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Cell Surface Env Transformation and Membrane Disruption by HIV-1 Entry Inhibitors

Thursday, June 4, 2020

10:00 AM-12:00 PM

BIOMED PhD Thesis Defense

Cell Surface Env Transformation and Membrane Disruption by HIV-1 Entry Inhibitors
Charles G. Ang, PhD Candidate
School of Biomedical Engineering, Science and Health Systems
Drexel University

Irwin Chaiken, PhD
Professor of Biochemistry and Molecular Biology
College of Medicine
Drexel University

Ken Barbee, PhD
Professor, Senior Associate Dean, and Associate Dean for Research
School of Biomedical Engineering, Science and Health Systems
Drexel University

This work examined transformations of the HIV-1 fusion protein Env and its anchoring membrane that can be subverted by lytic entry inhibitors to inactivate Env on viruses and cells. Two entry inhibitors were investigated: KR13 and M*DAVEI. KR13 is a chemically synthesized peptide triazole thiol (PTT) comprised of a CD4 binding site pharmacophore linked to a disulfide-targeting thiol, while M*DAVEI is a chimeric recombinant protein containing a gp120-glycan-binding lectin linked to Trp3, a gp41-binding fragment of Env’s membrane proximal external region (MPER). Both inhibitors have previously been shown to cause virus lysis, indicating that they can trigger membrane disruption. Env-presenting cells were selected for these experiments to facilitate mechanistic studies and provide preliminary data for further cell-based studies.

To investigate KR13, we developed a flow cytometry protocol to examine the nature of its Env rearrangements by measuring changes in epitope availability for key regions of Env upon treatment with serial dilutions of KR13 or its thiol-blocked analogue KR13b. HEK293T cells were transiently transfected for surface presentation of JRFL Env and pre-loaded with fluorescent dye. Epitopes examined were: intact gp120-gp41 association (Ab 35O22), formation of the 6HB (Ab NC-1), MPER exposure (Ab 10E8), the immunodominant loop (Ab 50-69), fusion peptide (Ab VRC34.01), and membrane disruption (loss of intracellular dye). Env transformations caused by KR13 resembled several steps of native fusion, including loss of attached gp120, increase in 6HB detection, increase in MPER exposure, and membrane disruption, suggesting that the mechanism by which KR13 induces transformation may incorporate and subvert the conformational “program” Env uses to enter target cells. In turn, KR13 and PTT compounds in general may be useful not only as antagonist leads but also as probes to interrogate HIV entry and the exposure of key post-fusion epitopes from the unique approach of transforming Env and membrane without target cells. Further experiments with KR13 and KR13b showed that the membrane disruption and leakage effects of KR13 could be recapitulated by the combination of KR13b and the redox protein Thioredoxin-1 (Trx1). Virions were treated with either KR13 alone, or a combination of fixed concentration KR13b and serial dilutions of Trx1, showing comparable p24 release between the two. Along with literature showing Trx1’s presence in and necessity to native fusion, we established that the KR13’s free terminal thiol may be mimicking the reducing effects of Trx1, likely targeting Env’s C296-C331 disulfide.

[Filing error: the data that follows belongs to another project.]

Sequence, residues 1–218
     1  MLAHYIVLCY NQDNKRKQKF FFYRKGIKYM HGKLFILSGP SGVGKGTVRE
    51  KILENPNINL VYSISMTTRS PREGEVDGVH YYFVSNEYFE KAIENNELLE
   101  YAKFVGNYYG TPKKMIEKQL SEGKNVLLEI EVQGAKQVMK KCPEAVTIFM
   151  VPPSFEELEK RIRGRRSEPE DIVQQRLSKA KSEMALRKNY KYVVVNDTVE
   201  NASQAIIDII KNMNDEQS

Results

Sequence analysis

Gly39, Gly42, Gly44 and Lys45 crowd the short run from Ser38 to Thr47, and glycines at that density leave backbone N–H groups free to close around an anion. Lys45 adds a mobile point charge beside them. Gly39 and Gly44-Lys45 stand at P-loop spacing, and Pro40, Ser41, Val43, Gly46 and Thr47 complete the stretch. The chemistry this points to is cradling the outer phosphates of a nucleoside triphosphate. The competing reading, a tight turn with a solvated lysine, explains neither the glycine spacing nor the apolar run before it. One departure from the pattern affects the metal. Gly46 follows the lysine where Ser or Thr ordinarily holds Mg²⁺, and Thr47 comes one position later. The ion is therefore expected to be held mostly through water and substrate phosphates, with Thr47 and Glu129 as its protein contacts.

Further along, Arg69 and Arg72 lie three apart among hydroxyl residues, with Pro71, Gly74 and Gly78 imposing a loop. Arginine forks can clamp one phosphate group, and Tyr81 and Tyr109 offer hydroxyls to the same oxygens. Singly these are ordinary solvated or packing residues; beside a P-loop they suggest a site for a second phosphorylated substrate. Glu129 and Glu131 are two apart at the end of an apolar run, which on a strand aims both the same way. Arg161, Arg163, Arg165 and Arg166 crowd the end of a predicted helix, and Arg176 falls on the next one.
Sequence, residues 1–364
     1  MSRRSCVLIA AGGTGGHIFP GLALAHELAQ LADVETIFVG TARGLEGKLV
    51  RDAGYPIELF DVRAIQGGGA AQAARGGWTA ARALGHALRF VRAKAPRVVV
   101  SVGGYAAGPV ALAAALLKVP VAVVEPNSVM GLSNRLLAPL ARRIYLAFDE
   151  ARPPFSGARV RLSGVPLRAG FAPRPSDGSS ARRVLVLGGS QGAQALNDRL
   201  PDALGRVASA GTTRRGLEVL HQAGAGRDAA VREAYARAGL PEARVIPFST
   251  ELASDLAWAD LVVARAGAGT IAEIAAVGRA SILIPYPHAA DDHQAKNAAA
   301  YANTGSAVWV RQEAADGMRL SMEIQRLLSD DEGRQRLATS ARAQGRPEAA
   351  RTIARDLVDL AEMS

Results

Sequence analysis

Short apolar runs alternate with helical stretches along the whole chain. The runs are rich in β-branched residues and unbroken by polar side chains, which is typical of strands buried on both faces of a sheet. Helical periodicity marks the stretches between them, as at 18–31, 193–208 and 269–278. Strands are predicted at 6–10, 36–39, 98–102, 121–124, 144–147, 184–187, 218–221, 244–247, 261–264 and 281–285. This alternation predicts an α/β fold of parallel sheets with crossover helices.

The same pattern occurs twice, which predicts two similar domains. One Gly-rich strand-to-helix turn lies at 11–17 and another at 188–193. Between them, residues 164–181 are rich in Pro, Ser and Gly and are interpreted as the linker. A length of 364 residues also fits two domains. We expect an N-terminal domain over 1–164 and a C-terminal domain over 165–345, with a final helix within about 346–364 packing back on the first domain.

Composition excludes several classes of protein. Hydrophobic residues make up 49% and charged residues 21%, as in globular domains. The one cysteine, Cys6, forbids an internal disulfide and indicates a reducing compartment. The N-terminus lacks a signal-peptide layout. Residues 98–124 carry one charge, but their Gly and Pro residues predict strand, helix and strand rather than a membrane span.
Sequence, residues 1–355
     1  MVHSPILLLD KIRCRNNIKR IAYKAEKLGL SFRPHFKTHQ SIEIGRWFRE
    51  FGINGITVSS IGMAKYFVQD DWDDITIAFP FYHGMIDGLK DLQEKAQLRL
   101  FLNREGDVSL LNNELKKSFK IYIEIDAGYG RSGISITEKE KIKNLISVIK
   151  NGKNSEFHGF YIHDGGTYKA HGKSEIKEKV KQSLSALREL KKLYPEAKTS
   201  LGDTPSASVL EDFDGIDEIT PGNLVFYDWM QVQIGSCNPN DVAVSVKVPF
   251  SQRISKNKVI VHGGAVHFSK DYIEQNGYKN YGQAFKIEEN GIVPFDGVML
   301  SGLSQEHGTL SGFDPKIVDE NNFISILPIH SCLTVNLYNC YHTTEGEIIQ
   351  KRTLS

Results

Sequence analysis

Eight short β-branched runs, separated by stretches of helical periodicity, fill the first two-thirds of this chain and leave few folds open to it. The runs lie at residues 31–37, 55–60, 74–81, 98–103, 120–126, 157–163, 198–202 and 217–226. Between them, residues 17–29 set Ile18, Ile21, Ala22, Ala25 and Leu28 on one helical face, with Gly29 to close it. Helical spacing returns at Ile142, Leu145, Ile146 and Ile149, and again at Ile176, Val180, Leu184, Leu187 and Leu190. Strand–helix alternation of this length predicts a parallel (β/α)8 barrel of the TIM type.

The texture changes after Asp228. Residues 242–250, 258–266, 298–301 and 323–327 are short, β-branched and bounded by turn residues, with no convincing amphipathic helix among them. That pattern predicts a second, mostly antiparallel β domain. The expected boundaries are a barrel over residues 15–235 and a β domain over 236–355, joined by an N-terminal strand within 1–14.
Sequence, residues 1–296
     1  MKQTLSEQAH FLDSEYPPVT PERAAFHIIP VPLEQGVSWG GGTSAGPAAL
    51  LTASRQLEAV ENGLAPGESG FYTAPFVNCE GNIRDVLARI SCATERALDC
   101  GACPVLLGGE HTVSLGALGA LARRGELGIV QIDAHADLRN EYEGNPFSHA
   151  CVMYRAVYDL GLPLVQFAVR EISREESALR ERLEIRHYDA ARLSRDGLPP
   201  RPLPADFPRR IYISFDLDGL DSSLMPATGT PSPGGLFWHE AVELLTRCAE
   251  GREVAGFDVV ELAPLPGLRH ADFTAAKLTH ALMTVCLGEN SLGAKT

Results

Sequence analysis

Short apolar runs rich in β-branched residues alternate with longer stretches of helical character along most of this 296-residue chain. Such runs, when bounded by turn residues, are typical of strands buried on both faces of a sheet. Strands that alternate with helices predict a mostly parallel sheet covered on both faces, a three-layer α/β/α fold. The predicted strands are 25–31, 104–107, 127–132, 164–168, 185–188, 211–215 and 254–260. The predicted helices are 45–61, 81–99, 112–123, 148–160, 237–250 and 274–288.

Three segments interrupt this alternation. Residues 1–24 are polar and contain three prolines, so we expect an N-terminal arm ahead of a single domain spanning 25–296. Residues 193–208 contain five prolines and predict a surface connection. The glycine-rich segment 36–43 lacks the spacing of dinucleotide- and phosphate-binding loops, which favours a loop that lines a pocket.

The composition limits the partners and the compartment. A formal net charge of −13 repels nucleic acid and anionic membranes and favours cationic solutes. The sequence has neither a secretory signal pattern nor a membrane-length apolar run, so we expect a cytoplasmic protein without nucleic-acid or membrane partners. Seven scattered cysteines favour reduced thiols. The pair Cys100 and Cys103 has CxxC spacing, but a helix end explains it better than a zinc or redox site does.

The second part of this research examined the engineered protein M*DAVEI, which causes severe membrane disruptions in virions, speculated to result from the dual engagement of Env by the gp120-binding lectin and the MPER/membrane-interacting Trp3. We investigated whether the destructive effect of lectin-DAVEI on viruses could be used to target cells presenting Env on their surfaces. HEK293T cells were transiently transfected with DNA encoding JRFL Env, pre-loaded with calcein dye, treated with serial dilutions of M*DAVEI, and stained for intact gp120-gp41 association (Ab 35O22). The observed effects of M*DAVEI on cells were proportional to individual levels of Env expression: "Low-Env" cells experienced transient poration and calcein leakage, while "High-Env" cells died. Transfection with increasing quantities of Env DNA showed further shifts toward "High-Env" expression and its associated cytotoxicity. Controls with unlinked M*DAVEI components showed no effect on calcein leakage or cell viability, confirming covalently linked DAVEI components as necessary to induce transformation.  

Cumulatively, this work has demonstrated Env metastability as an intrinsic property of the transmembrane protein complex and not limited to fusogenic or fusion-like transformations of Env alone. As such, the Env-membrane complex can be perturbed to trigger membrane disruption in virus and cell contexts, an extension of our understanding of these entry inhibitors’ effects and their mechanisms of action.

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Natalia Broz

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